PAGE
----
To build this type of rich community, children need to have a voice. They need to be able to feel safe and take risks. Leaders have a key role in making this happen. We have learned in our work that what a leader is teaching is as important as how they facilitate the learning. The extra time we have after school, the fewer restrictions, the 1:20 leader:child ratios, and a more “club” or “family” feeling gives us the opportunity for kids to do the thinking, talking, and learning, but they can’t do that alone.
A successful day for after school leaders is when they go home rested and the kids are exhausted from all of the thinking and collaborating! Being the “guide on the side,” and talking less is something you can start tomorrow. With a few adjustments in the way you lead, you can enable the children to do the majority of the thinking and talking.
There are plenty of ways leaders can put kids in charge of the heavy lifting, but for many of us, it’s a change in how we work. It may also be a new experience for the kids. As with anything new, allow everyone time to adjust to this new way of working together. Success won’t happen overnight, but with patience and practice, you will succeed and grow.
Here are some facilitation tips to keep in mind when you shift to this way of leading:
- Ask open-ended questions. Avoid yes/no questions that provide little feedback to inform your decisions. Think of what you will get from your kids if you ask an open-ended question like, “What would you like to do differently next time?” rather than “Should we do it differently next time?”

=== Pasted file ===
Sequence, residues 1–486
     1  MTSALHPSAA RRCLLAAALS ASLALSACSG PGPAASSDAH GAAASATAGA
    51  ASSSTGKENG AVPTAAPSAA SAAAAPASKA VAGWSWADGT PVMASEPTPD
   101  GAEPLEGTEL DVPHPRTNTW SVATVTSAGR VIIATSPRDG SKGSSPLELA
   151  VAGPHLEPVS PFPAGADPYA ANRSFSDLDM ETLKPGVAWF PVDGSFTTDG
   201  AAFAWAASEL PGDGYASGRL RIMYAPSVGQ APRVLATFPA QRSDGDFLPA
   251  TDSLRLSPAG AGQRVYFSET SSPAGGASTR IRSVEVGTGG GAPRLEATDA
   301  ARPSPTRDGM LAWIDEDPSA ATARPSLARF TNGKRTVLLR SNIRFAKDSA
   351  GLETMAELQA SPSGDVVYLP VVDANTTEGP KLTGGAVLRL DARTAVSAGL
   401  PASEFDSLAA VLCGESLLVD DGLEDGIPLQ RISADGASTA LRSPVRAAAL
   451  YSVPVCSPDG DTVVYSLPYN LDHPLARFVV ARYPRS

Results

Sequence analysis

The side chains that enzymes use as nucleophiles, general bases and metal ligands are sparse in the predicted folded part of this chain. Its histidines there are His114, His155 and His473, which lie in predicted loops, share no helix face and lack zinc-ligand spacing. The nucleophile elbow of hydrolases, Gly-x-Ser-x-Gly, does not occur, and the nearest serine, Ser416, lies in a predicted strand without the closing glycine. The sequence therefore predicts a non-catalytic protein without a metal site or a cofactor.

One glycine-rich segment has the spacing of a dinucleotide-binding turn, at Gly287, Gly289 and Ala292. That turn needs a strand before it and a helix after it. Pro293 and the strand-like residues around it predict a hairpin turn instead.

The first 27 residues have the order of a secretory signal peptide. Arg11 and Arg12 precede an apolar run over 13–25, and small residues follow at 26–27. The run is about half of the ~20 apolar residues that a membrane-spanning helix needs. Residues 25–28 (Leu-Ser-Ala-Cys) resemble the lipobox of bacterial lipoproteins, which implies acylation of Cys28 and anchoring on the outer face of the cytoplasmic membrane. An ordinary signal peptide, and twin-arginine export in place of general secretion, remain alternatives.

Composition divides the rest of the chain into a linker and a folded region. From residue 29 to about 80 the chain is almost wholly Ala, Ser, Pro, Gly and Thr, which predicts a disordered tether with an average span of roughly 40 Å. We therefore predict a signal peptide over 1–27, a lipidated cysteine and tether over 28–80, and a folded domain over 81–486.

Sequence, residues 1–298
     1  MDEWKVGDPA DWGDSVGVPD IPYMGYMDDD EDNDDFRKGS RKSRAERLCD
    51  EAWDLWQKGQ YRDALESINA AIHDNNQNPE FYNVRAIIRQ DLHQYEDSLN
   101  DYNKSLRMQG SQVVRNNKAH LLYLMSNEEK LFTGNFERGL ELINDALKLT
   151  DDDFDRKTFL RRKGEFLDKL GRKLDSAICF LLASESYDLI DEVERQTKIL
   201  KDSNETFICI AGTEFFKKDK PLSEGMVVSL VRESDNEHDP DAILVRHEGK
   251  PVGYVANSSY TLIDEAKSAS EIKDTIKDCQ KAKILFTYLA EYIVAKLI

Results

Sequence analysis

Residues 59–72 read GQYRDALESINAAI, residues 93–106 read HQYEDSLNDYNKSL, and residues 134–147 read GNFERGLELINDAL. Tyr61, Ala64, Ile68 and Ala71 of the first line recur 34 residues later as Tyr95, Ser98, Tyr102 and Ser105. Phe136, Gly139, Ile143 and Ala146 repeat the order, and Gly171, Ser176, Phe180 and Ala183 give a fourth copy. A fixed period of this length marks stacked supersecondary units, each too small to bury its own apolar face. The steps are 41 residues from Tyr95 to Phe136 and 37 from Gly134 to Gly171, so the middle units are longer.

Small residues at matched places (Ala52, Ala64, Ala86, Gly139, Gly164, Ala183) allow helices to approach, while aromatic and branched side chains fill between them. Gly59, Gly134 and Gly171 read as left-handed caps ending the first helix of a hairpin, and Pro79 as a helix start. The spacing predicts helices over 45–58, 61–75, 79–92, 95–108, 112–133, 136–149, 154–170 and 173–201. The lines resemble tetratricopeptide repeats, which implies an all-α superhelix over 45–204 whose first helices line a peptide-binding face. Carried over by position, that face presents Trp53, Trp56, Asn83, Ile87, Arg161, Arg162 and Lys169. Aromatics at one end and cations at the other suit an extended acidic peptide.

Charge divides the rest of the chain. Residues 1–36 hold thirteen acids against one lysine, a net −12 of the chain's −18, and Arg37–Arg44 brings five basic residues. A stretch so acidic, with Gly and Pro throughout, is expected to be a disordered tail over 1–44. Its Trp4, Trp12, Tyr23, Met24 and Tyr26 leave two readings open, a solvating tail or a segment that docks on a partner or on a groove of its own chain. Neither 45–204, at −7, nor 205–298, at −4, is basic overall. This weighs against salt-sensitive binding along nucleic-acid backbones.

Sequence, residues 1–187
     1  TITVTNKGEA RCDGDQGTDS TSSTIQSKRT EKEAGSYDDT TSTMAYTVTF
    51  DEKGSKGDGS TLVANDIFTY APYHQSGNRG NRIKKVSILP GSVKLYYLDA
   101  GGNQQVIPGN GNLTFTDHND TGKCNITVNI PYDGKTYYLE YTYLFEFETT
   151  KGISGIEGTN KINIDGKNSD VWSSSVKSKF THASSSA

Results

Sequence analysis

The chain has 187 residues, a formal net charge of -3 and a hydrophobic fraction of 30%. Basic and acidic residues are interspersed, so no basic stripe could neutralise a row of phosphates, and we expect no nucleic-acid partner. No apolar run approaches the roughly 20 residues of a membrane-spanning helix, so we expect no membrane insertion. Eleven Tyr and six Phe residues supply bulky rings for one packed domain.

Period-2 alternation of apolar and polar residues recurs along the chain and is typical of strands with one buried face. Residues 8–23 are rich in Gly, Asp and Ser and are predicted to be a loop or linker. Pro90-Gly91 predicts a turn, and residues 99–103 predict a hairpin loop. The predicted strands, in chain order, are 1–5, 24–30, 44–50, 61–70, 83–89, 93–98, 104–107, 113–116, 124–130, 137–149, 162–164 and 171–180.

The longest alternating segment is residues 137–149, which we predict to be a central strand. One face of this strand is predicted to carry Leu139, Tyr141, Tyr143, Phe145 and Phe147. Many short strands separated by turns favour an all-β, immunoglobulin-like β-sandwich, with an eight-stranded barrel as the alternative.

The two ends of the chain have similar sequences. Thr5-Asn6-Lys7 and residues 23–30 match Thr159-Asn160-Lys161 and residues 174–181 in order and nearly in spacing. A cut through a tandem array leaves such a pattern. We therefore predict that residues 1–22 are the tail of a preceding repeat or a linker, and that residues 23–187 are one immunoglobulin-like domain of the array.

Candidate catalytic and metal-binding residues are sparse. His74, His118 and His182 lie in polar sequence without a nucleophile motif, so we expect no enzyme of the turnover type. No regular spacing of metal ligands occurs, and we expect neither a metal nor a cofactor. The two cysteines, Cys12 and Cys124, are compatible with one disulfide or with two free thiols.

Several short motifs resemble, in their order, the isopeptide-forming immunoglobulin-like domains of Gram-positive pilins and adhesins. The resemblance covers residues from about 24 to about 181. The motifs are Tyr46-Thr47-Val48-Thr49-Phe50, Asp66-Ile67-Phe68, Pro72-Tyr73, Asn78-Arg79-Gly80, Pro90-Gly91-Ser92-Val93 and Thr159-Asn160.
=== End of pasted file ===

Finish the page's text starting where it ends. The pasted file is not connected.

- Use wait-time. Of course, you may not get thoughtful responses if you don’t allow your children adequate time to think about their answers. You must wait for kids to answer. If you slowly count to 10 in your head, most of the time you will get an answer. It may seem awkward at first, but you and the kids will get used to it. Children appreciate the opportunity to be heard; be an active listener and you will be amazed by what you learn.
- Give every child a chance to talk. It’s easy for a few confident, outgoing children to monopolize a discussion. To give all children ample opportunities to be heard, try some of these strategies and facilitation techniques during discussion or brainstorming time:
- Think, Pair, Share. Use this technique after you have asked an open-ended question. First, give the children time to think, and then have them turn to the person next to them and discuss the answer to the question. Finally, have a group discussion. Watch an example of this being done in a classroom.
- Think, Pair, Write As in “Think, Pair, Share,” children think for a few minutes individually before talking with a partner. Then the children write their ideas down. Pairs may then be asked to share their writing with another pair or with the class.
- Heads Together. In this exercise, groups of four students discuss a question among themselves. Groups may then share their thinking with the other groups.
- Turn to Your Partner. Allow children to have a discussion with a partner to answer a question. By allowing each child to turn and talk to the person next to them, all the children get a chance to speak. If you ask a question and only call on a couple of children to answer, most of the kids do not get a chance to respond. Watch an example of this being done in a classroom.See More Tips: Click here to access a pdf of the leader facilitation tips that were covered in this blog post.
Now it’s your turn. Ask yourself: What makes my after school program special? Who is talking more, you or the kids? Does your staff reflect the children you serve? What are your biggest challenges in implementing the ideas provided in this post? What do you feel proud of? What are you going to try tomorrow?
For breakfast, I had my favorite WW 1 point banana pancakes!